Banking & Payments
Ripple and what “the internet of value” means for finance
Ripple, payments, crypto, and the coming explosion in transaction volumes.
Sorry, Ripple: the world’s big global banks are just not into you – yet. When it comes to cross-border payments, they prefer to stick with correspondent banking, SWIFT, and the fees they justify by their infrastructure to make transactions happen.
Big banks, and their regulators, know the existing infrastructure works, or at least, it works well enough. SWIFTgpi, its program of digital refurbishment, delivers many of the benefits of blockchain without the hassle of integrating a new tech or dealing with crypto-currencies. Moreover, XRP, the digital token created by Ripple, confuses a lot of people and muddies Ripple’s other story as a blockchain enabler to payments.
But the iterative strategy implied by embracing SWIFTgpi may prove to be viable only in the medium term. It’s quite possible that within five years, there will be market consensus that blockchain must replace today’s payments infrastructure.
If money could talk
Ripple is thinking long term. “The big picture is we’re changing the nature of how value moves” across the internet, said Brad Garlinghouse, CEO, speaking this week at a company event in San Francisco. “The next few decades will see a dramatic reduction in friction in payments.” (DigFin paid its own way to attend.)
Money is fungible, but it’s not interoperable. Ripple’s argument is that the internet helps make data flow, and cargo containers (among other things) make commerce more efficient, but that finance remains fragmented and opaque. But if frictions in payments declines, it will lead to far more transacting, just as the internet led to an explosion in data and cargo boxes led to a mushrooming in global trade.
We’re changing the nature of how value moves
Ripple likens this to creating an “internet of value” as opposed to one of information. The company is not alone in this view.
R.J. Pittman, former chief product officer at eBay, says e-commerce will necessitate a change. Today e-commerce is only 9% of the U.S. retail market (versus 40% in China). Globally the average is around 15%, but Pittman expects this to increase relentlessly, as companies continue to find ways to remove friction for the customer. The existing payments infrastructure won’t be able to match it.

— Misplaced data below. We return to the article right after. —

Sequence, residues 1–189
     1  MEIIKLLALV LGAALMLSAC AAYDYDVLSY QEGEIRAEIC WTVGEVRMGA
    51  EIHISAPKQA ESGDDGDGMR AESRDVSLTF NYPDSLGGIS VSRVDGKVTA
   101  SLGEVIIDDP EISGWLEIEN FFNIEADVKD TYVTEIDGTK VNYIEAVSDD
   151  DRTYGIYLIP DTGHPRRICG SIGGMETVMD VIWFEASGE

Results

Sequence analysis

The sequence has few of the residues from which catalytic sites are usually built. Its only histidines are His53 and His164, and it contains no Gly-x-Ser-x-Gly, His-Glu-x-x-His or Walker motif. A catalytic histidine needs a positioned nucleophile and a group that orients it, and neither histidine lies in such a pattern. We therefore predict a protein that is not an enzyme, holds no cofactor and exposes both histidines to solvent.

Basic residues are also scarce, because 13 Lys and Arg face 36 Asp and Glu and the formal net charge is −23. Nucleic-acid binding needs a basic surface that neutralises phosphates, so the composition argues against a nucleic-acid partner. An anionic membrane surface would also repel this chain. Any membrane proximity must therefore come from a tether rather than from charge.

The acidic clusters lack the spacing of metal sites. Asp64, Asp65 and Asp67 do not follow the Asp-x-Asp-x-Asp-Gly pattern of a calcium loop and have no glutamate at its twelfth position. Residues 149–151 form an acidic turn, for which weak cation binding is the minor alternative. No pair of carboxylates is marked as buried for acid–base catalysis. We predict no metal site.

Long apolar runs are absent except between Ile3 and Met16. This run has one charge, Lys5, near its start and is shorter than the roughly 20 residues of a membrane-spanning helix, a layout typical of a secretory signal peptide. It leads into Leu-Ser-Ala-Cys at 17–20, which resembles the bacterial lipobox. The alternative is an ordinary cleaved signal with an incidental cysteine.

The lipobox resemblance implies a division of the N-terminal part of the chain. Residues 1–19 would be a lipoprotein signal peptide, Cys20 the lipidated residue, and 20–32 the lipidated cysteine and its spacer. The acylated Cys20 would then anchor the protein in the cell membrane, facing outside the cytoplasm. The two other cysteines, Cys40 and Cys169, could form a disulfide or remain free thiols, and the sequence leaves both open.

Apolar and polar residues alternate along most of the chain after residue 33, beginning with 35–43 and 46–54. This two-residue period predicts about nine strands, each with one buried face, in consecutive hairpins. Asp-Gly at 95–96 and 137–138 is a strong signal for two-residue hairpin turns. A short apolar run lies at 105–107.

“We’re nowhere close to hitting critical mass in e-commerce,” he said. “If 15% is the global average, what happens when we hit 75%? Do we have the payments infrastructure in place to scale? And do we have the cost models in place? Because it’s going to become bitterly competitive.”
Although banks may think their status quo capabilities can grow, Pittman argues the opposite. “There are many inefficiencies in the payments processing chain,” he said. “Even a credit-card settlement in the U.S. is antiquated and costly.”
Moving money, moving value
So, the death of banks and credit-card companies?
“Quite the opposite,” Pittman said. “They should shed the legacies and open the aperture to extraordinary growth opportunities.”
He likens Ripple’s tech to the creation of TCP/IP protocols, which broke up messages on the internet (like an email) into batches and recreated them so that information could be processed efficiently. “Distributed-ledger technology can have a similar impact when applied to payments,” Pittman said. “TCP/IP, by moving packets of information, made the web work.” Ripple’s Interledger Protocol is TCP/IP for moving value, he said, obviating the need for many central services in payments today.
Do we have the costs models in place?
This message may not have permeated many in the banking world. Ripple commissioned research company Celent to survey 700 global company execs about payments. It’s just one survey, so banks should do their own research; surprise, surprise, the findings favor blockchain. But perhaps the most interesting finding was that most respondents from banks (17 percent of the group) thought their customers were happy with their service.